What is seasonal hayfever (allergic rhinitis)?The terms seasonal hayfever and seasonal allergic rhinitis are used to describe hayfever that occurs only at certain times of the year. In contrast, hayfever that occurs all year round is called perennial rhinitis or perennial hayfever.
What causes seasonal hayfever?Many plants rely on the wind for fertilisation, and consequently release large amounts of pollen into the air to be distributed far and wide. Once airborne, these pollens are a renowned trigger for hayfever and other allergies. In Australia, some of the most common causes of pollen allergies include Paterson's Curse, Pellitory Weed (also known as Asthma Weed), Ragweed and a range of other weeds and grasses.
When does seasonal hayfever occur?Although many people think of the springtime as hayfever season, it's also possible to experience it at other times of the year. If you’re a seasonal allergy sufferer here in Australia, the time of year you're likely to be affected can last anywhere from a couple of months to half the year or even longer, depending on which plant pollen(s) you’re allergic to. As a general rule of thumb though, allergies to tree pollens are often worse in the springtime, while allergies to pollens from grasses and weeds are often more significant in the summer. The plant life, geography and climate of your local environment may also have an impact on when you experience hay fever and its severity and duration. For example, people living in inland areas of Australia tend to be exposed to more pollen due to the surrounding farmland than people living in coastal cities. On the other hand, if you're experiencing hay fever all year round or indoors, its likely that the allergen(s) that trigger your symptoms are indoors too, in which case dust mites are a very common trigger, along with other airborne allergens (such as cockroach droppings and hair and skin cells from dogs and cats). Unfortunately, some people experience both seasonal and perennial hay fever, making it particularly difficult for them to avoid allergy triggers and manage their symptoms.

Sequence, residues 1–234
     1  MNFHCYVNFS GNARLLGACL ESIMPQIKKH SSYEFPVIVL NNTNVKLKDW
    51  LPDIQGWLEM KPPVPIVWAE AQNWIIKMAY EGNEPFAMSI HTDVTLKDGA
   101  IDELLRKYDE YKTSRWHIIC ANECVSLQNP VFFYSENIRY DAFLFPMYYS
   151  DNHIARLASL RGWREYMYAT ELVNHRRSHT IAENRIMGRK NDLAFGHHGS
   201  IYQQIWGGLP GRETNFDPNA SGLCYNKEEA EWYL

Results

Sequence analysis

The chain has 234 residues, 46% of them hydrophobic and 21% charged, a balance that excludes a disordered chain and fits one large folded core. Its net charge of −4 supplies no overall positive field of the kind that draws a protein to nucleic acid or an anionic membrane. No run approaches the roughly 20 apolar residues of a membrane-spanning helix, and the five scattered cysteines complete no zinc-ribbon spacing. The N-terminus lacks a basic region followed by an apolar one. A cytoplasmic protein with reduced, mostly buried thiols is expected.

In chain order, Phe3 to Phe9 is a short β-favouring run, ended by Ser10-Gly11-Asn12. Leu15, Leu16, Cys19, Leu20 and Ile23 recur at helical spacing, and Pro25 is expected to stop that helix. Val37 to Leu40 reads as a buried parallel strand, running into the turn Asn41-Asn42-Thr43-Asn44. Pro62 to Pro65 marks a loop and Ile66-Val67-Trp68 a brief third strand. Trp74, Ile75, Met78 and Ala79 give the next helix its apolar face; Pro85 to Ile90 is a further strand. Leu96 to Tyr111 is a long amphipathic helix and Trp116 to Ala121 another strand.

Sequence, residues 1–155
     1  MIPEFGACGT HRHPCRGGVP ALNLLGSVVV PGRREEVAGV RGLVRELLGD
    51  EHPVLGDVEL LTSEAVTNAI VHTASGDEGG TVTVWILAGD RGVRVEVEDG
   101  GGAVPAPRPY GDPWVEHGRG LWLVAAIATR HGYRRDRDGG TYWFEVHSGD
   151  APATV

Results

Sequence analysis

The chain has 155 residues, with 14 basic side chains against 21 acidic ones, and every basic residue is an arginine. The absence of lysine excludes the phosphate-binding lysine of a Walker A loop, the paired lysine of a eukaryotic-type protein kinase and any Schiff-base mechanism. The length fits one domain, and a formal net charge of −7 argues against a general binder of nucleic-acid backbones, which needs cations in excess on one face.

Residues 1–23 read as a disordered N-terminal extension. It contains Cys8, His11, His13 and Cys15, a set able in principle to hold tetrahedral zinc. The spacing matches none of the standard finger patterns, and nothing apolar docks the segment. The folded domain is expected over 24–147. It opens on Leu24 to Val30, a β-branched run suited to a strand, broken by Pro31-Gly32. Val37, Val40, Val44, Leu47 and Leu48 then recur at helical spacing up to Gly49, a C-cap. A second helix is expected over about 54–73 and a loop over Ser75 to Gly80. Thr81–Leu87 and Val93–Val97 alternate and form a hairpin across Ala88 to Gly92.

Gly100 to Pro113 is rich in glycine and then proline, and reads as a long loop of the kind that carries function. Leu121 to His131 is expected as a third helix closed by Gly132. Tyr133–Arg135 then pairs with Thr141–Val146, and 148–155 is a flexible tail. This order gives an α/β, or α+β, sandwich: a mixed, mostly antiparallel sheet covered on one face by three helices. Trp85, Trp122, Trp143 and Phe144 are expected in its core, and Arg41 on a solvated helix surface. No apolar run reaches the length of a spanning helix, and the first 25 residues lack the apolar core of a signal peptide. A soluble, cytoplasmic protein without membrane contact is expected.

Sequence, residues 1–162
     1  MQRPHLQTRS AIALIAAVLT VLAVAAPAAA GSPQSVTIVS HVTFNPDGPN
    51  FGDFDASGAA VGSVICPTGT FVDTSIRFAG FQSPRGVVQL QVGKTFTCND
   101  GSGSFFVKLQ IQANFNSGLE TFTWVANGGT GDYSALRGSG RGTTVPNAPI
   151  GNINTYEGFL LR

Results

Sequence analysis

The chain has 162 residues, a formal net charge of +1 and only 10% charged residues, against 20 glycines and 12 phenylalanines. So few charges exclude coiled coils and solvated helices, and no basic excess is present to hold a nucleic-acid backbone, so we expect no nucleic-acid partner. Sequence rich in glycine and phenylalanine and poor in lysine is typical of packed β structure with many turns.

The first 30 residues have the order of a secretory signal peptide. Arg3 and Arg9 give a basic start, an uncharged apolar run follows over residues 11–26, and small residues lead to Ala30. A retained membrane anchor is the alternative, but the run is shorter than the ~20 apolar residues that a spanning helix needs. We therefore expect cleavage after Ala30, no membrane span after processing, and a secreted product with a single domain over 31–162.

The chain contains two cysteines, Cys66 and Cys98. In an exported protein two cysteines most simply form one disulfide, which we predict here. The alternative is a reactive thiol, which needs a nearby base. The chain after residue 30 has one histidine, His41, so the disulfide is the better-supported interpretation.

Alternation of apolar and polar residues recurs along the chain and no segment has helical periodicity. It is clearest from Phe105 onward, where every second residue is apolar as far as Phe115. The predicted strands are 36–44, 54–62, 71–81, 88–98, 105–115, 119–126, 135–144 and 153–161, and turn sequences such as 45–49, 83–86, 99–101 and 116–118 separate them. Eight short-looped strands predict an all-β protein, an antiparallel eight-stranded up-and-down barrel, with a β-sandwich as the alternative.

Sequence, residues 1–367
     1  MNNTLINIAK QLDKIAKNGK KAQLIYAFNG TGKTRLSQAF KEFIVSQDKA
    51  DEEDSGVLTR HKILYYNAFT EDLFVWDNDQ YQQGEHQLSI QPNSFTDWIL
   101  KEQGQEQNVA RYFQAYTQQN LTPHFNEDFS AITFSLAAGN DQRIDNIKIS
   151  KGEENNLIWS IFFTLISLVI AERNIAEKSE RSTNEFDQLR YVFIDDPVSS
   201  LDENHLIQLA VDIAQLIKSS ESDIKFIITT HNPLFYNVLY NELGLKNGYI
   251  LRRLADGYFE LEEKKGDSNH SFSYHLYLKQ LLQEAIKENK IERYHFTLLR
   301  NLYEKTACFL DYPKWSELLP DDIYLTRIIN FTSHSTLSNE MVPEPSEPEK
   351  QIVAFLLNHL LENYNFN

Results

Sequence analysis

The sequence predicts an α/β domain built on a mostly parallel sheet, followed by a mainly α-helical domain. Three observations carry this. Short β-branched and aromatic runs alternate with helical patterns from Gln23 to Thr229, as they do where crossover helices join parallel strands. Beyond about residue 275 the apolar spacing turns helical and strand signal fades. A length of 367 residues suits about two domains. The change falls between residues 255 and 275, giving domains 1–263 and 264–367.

Managing seasonal hayfeverIt's important to be aware that while it may seem like a frustrating but relatively minor issue, hayfever may increase your risk of developing certain other health problems, including sinusitis - especially if the inflammation and congestion in your nasal passages is severe or persistent. There are a number of things you can do to reduce your exposure to seasonal allergens and help manage your symptoms. Here are some of the most important:
- If you or your child experience frequent or severe bouts of hayfever, it's important to identify the triggers, so talk to your healthcare professional about appropriate allergy testing
- Get an app for your phone that measures the pollen in your local area and take protective measures on days that the pollen count is high or when it’s very windy
- If you must venture out on those days, wear protective sunglasses when outside
- If you’ve been exposed to pollens and are experiencing hayfever, have a shower to wash any pollen or dust off your skin and out of your hair
- Rinse your eyes with cool water a few times too, and try a saline (salt water) spray or rinse for your nose
- Avoid gardening tasks such as mowing the lawn (ask someone else to do them for you, and stay indoors with the windows closed while they do)
- Check that the plants outside your windows aren't releasing pollen into your home; if they are, swap them for a plant you’re not allergic to (again, it’s best to get someone else to do this task)